CanWEA responds to case study on wind turbines and property values
The Canadian Wind Energy Association (CanWEA) has responded to the release of a report titled ‘Case Study: Diminution in Value, Wind Turbine Analysis’ by Ben Lansink of Lansink Appraisals and Consulting. CanWEA has identified a number of concerns with the study and its conclusions and will be seeking clarification from the author.
“It is neither fair nor appropriate to draw from a single case study the general conclusion that wind energy is directly responsible for significant declines in property value,” said Chris Forrest, vice-president of Communications and Public Affairs. “The fact is the Municipal Property Assessment Corporation (MPAC) is not altering property assessments in Ontario as a result of wind energy projects.”
In a recent Assessment Review Board hearing in Ontario focused on wind turbines and property values, MPAC argued that there was no evidence to show that construction and operation of wind turbines had reduced the current value of the landowner's property. A 2010 report by Canning Consultants Inc. that studied 83 properties in the Chatham-Kent region found that: "In the study area where wind farms were clearly visible, there was no empirical evidence to indicate that rural residential properties realized lower sale prices than similar residential properties within the same area that were outside of the view shed of a wind turbine." The Canning study, unlike Mr. Lansink's work, took into account the condition of each property.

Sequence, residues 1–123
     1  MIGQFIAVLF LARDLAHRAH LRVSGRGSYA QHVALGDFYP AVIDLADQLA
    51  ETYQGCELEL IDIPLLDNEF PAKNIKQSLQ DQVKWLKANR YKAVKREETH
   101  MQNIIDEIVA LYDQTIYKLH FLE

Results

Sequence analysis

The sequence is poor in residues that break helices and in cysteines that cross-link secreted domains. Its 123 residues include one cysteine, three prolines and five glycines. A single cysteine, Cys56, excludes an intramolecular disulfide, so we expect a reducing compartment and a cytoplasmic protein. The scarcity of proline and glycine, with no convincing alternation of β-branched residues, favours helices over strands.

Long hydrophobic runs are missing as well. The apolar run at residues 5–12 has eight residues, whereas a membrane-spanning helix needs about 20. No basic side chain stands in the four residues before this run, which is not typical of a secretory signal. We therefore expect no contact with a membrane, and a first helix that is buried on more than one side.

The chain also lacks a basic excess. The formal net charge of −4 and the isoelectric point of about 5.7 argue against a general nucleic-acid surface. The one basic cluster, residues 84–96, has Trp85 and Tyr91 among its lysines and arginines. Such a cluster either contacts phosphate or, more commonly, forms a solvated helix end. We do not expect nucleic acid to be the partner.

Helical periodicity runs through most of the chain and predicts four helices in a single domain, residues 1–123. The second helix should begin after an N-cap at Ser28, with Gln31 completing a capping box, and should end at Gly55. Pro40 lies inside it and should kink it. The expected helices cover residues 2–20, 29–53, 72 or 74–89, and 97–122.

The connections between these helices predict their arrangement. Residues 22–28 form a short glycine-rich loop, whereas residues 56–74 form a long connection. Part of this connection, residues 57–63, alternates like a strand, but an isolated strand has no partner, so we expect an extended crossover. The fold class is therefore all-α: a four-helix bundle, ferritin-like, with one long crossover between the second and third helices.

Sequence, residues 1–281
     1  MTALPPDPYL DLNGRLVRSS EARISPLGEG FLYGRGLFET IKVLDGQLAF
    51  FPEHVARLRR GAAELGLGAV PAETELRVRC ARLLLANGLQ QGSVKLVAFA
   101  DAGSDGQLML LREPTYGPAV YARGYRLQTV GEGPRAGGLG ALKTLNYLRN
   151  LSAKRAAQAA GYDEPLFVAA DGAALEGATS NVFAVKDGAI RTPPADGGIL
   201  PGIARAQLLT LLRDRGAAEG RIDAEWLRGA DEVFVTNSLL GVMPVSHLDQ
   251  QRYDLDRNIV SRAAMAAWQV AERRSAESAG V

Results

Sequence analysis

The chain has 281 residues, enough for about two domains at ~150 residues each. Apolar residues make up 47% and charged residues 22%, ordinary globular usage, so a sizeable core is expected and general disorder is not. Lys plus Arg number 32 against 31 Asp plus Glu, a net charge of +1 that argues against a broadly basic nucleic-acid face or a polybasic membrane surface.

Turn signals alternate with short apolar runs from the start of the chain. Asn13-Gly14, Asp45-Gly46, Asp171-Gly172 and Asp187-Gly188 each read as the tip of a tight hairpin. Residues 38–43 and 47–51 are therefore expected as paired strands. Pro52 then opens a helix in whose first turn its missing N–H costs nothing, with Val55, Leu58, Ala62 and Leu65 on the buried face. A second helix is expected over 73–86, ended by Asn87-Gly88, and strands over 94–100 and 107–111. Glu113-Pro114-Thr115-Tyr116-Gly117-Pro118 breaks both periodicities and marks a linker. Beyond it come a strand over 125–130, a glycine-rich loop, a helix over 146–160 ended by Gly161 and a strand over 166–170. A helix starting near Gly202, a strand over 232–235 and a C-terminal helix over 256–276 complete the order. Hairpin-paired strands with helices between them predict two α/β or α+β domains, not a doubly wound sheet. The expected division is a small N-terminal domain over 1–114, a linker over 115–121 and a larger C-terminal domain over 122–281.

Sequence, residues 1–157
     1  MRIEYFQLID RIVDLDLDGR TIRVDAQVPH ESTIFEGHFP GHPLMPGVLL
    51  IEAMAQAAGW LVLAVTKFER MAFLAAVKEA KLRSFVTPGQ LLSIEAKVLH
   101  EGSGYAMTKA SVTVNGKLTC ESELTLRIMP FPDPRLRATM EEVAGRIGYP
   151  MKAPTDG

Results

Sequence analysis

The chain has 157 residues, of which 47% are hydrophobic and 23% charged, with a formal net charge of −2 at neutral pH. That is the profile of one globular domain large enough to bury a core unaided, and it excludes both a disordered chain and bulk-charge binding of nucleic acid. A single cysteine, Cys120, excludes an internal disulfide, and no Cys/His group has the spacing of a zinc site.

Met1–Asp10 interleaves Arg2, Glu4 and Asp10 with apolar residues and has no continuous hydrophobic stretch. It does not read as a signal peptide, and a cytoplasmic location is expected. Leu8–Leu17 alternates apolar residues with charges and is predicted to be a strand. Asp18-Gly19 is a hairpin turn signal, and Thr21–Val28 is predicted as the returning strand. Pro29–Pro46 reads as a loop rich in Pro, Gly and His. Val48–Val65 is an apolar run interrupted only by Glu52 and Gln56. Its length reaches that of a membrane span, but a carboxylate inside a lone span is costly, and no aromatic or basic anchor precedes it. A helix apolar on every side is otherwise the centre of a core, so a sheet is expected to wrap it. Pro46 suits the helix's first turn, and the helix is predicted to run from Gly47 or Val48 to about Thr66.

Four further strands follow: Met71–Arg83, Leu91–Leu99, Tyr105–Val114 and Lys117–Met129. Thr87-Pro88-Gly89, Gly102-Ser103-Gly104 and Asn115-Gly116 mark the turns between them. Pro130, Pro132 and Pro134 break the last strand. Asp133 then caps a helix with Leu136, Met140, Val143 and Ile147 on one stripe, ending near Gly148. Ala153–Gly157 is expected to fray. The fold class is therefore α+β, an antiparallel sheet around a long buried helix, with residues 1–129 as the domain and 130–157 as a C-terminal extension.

Download the Canning report.
A comprehensive analysis by the US Department of Energy's Lawrence Berkeley National Laboratory found that proximity to wind energy facilities does not have a pervasive or widespread adverse effect on the value of nearby homes. Researchers examined 7,500 single-family property sales between 1996 and 2007, covering a time span from before the wind farms were announced to well after construction and operation.
Download the LBNL report.
“Wind energy is a growing source of reliable and clean electricity in Ontario. CanWEA and its members welcome a fact-informed discussion on all aspects of wind energy development and will continue to review all relevant and credible data on property values,” said Forrest.
More information on wind energy can be found here: www.canwea.ca/talkingaboutwind
For more information or interviews please contact:
Ulrike Kucera, Media Relations
613-234-8716 Ext. 228
Mobile: 613 876 4433
Lejla Latifovic, Communications
613-234-8716 Ext. 241